Considering how unimpressed I was with my initial response to the Blu-ray image, I pulled out the DVD for evaluation. When compared to its standard def predecessor, the HD transfer shows improvement. Though the picture never tends towards the deepest of blacks, contrast is definitely improved. Contrast is really never an issue with the transfer, but any benefit is lost under the subdued colors and filming style. Detail also shows improvement over the DVD, but due to the visual approach is not something that you immediately find notable.
It is hard to rate this Blu-ray image since what we get is representative of the filmmaker’s intention but does not benefit overly from high def in an immediate visceral reaction. Compared to the best of catalog titles on Blu-ray, I find the image to be flat and lacking dimensionality, but this is as good as it has ever looked for home video. While definitely not a demo disc by any stretch, fans of the movie already know what to expect and the upgrade to high-def will provide subtle enhancements. Those never having viewed the movie before should go in with tempered expectations.
In a departure from their recent catalog Blu-ray releases, Warner does not supply a lossless audio track. The English Dolby Digital 5.1 provided is good (though the last DVD release provided an improved DTS track) but how much better could it have been if mastered in lossless audio? Maybe because the studio only used a single layer (BD25) rather than a dual layer disc (BD50), there was not room to include lossless audio or even surround mixes for other languages. The only other audio choices are 2 channel mixes for French and Japanese and a mono mix for Spanish. Subtitles are provided in English (SDH), French, Japanese and Spanish.
To its benefit, the Dolby Digital track has good separation between channels with an equal use of directionality. Dialog is consistently clear, and Elliot Goldenthal’s score along with pieces by Handel and Hayden are decently presented. What I find lacking is the reproduction in the high and low ends and the overall fullness of the audio. This critique is in relation to what other catalog titles have been able to accomplish with a lossless audio upgrade, so without a comparable track, it is hard to say how much improvement there might have been. Since there are catalog titles of lesser stature than this being graced with lossless audio, it seems that this is a missed opportunity. What we are given is acceptable though not overly impressive.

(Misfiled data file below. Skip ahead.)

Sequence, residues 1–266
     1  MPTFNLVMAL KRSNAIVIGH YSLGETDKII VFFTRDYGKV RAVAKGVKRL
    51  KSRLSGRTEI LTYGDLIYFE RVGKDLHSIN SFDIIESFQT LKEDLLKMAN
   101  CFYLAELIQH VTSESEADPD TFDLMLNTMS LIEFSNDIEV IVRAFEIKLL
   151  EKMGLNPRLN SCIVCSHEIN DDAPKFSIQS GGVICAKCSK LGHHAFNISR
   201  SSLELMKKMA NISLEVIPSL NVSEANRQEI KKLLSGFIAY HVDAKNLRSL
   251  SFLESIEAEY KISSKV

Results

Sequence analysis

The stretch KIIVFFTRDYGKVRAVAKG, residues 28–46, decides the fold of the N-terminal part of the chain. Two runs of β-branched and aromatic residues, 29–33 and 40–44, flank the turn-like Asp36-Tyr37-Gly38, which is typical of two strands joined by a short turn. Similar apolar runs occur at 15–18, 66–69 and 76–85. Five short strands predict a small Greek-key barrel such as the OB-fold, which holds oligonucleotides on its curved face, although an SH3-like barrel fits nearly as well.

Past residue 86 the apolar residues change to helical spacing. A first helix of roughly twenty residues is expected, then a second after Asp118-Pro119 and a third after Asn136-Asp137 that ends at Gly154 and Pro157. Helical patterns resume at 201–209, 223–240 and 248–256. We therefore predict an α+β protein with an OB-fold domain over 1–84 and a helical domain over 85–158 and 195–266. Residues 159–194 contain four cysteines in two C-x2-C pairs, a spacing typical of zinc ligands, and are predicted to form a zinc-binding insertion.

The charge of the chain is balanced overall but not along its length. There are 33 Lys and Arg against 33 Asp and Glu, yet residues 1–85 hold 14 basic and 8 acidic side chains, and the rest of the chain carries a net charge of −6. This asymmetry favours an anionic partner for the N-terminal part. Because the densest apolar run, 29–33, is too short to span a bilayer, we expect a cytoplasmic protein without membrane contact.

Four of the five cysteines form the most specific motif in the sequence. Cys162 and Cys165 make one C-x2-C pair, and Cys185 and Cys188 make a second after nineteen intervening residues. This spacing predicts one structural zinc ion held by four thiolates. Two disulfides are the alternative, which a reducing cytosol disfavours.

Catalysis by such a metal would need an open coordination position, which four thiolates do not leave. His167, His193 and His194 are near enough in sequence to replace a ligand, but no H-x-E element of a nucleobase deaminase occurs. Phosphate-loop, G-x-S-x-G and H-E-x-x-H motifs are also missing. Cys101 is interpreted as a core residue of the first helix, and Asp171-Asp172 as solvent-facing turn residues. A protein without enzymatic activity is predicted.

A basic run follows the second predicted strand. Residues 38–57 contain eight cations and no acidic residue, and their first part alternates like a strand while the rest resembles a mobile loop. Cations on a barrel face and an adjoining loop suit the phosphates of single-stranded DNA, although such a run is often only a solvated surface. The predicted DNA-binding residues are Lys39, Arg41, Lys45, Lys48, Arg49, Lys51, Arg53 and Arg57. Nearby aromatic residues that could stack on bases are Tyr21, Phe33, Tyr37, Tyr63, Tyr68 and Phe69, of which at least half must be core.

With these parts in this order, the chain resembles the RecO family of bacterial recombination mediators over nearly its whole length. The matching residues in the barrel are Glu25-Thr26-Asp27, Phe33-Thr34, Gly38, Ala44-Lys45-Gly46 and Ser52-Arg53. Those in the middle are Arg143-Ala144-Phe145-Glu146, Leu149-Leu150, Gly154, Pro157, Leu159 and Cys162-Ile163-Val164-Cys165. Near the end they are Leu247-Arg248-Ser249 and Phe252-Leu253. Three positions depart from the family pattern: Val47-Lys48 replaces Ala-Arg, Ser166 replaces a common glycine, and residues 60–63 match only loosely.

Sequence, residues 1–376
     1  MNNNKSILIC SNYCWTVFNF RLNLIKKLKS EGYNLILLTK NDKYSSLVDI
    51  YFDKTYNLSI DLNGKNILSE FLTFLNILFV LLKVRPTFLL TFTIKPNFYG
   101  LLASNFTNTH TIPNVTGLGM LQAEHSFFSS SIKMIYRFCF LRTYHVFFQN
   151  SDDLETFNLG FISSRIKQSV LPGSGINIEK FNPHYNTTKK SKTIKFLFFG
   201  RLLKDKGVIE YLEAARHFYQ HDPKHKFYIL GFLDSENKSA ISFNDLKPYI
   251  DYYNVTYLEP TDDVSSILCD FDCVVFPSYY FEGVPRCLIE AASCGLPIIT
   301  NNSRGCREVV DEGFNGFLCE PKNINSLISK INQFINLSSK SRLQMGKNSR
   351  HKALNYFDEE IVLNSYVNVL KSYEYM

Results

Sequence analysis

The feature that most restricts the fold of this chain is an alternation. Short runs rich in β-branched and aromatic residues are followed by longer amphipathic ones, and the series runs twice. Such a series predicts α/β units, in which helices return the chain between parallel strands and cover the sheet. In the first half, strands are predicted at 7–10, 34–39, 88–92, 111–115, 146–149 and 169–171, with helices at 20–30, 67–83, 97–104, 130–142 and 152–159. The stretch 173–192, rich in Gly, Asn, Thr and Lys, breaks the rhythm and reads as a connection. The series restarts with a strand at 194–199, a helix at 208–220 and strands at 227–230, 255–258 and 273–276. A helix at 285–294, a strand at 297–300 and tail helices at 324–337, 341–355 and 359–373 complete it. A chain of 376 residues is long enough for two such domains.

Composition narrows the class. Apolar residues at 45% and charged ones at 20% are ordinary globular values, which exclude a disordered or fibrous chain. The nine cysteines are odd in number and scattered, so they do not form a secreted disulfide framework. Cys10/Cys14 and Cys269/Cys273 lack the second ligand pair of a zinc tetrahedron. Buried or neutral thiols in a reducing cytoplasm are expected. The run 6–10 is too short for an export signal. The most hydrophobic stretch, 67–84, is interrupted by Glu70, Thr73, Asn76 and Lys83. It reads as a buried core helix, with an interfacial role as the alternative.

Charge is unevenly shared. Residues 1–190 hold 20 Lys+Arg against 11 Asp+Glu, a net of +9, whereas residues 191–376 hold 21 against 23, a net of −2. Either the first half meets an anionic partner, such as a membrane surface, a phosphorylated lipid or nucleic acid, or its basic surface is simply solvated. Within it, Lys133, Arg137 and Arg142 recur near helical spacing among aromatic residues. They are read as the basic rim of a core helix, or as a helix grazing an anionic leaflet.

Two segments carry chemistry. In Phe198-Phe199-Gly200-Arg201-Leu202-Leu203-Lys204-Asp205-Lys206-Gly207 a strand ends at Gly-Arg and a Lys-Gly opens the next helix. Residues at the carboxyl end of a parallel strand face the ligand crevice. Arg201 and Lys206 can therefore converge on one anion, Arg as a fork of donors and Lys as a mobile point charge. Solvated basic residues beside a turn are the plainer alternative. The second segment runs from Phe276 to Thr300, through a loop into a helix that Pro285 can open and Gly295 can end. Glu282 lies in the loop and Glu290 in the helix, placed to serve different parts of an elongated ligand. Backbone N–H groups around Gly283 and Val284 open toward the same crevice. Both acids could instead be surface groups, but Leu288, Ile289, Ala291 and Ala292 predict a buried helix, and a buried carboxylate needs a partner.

All the extras from the previous DVD releases are ported over here. Unfortunately there is not an abundance of depth with the commentary being the main feature of interest. All video is presented encoded in VC-1 at 480p/i.
Introduction (1:04): A short introduction with comments from Neil Jordan, Anne Rice and Antonio Banderas. This is basically a distraction as no useful information is given and half the runtime is taken up with scenes from the movie.
In the Shadow of the Vampire (29:43): This featurette is closer to a promotional video than anything resembling a documentary. It contains interviews with the director, author and actors but mostly skims the surface rather than delving into the depths of the production. It has a few moments of interest (FX artist Stan Winston’s being notable) but is mostly a fluff piece.
Trailer (2:36): Theatrical trailer presented in standard definition video with stereo sound.
Commentary with Director Neil Jordan : A very good commentary and the best extra included. Jordan navigates through the work to adapt the novel, Rice’s involvement in the script, the use of the different actors and details and issues with production. Fans of the film will find much of interest here to enhance their appreciation.
There are some moments of dropout but the commentary covers 90% of the film. If I had any complaint, and this is a total nitpick, it is that Jordan’s speaking style is very subdued. His even toned vocal approach can be a bit diverting and cause you to lose focus. That minor complaint aside this is a very worthwhile commentary.
It is a shame that there were never decent cinematic takes on the later entries in Rice’s Vampire Chronicles, but we can appreciate what we get with Jordan’s version of Interview With The Vampire. While I have my issues with this adaptation, it is still a fun movie to watch with good performances and much appropriate atmosphere throughout. Sadly, this Blu-ray from Warner does not live up to its high-def potential.
The video is hampered by its visual and filming style and does not benefit from high definition nearly as much as other catalog titles. While this is the best Interview has ever looked on home video, it will be a hard sell to convince owners of the current DVD to upgrade. Adding to this is the lack of lossless audio and the fact that the Dolby Digital track included is technically a downgrade from the DTS track on the previous DVD.
– Robert Searle